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Wade Ammons

Engineering Orientation
Industry Summary 3
Aerospace Engineering

Aerospace engineering is a vast field, primarily focused on the development of spacecraft.


Aerospace engineering can be traced back to the early 20th century with Orville and Wilbur
wright. Although their humble plane wasn’t near space worthy, they still started the aviation
revolution that followed soon after. Once Russia launched the first satellite into space, Sputnik,
the term aerospace engineering became its own. In response, Americans launched their own
satellite about 3 months afterword’s. Since then, there have been many advancements in the
field of flight and space travel. These are some of the elements that aerospace engineering
consists of:

 Radar cross-sections
 Fluid Mechanics
 Astrodynamics
 Statics and dynamics
 Mathematics
 Electrotechnology
 Control engineering
 Aircraft structures
 Materials Science
 Aeroelasticity
 Avionics
As seen by all of these, there are many different aspects of aerospace engineering, which
means that there will always be opportunities to explore and further technology in these areas.
According to the Bureau of Labor Statistics, in 2014 there were 72,500 employed aerospace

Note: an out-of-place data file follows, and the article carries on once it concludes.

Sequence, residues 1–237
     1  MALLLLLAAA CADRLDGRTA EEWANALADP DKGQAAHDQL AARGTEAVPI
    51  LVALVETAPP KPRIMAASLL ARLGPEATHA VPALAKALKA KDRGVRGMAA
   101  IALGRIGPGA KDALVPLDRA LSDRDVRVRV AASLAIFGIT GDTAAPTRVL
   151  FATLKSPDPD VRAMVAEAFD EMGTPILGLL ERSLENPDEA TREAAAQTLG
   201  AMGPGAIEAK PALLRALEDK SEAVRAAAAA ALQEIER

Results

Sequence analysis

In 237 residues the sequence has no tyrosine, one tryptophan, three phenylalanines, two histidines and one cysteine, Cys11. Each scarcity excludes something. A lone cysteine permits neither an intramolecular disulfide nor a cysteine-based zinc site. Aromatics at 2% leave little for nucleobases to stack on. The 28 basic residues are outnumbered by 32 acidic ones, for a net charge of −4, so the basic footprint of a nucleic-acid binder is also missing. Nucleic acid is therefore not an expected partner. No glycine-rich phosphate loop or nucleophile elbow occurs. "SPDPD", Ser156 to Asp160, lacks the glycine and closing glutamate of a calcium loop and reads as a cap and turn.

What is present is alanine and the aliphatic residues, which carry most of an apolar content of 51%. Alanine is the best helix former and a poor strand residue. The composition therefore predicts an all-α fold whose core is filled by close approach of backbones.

engineers, with a median pay of $109,650. To be completely honest, the pay means nothing to
me, rather the interest that I take in the job. Along with that, the vast majority of astronauts are
aerospace engineers, and becoming an astronaut is one of those far out goals that would be
awesome to achieve. The university of Illinois is in the top ten for aerospace engineering
schools, and would be a great place to further my understanding of it. Also, with a degree in
aerospace engineering, there are many different routes to be taken. They can work on both
planes and spacecraft, and most vehicles that must deal with air resistance or even fluid
resistance. Aerospace engineering sometimes is mixed up with rocket science, however these
are not the same things. First off, rocket science is an equation:
Vfinal=Vinitial(ln(massfinal)/ln(massinitial)).

Also, the field of engineering, while it includes science, is the HOW, and not the WHY.
Aerospace engineers strive to find how they can venture further into space, and not why it
happens. All in all, aerospace engineering is a very complex field of engineering (as all of them
are) and is very interesting, especially to those like me who are so interested in space.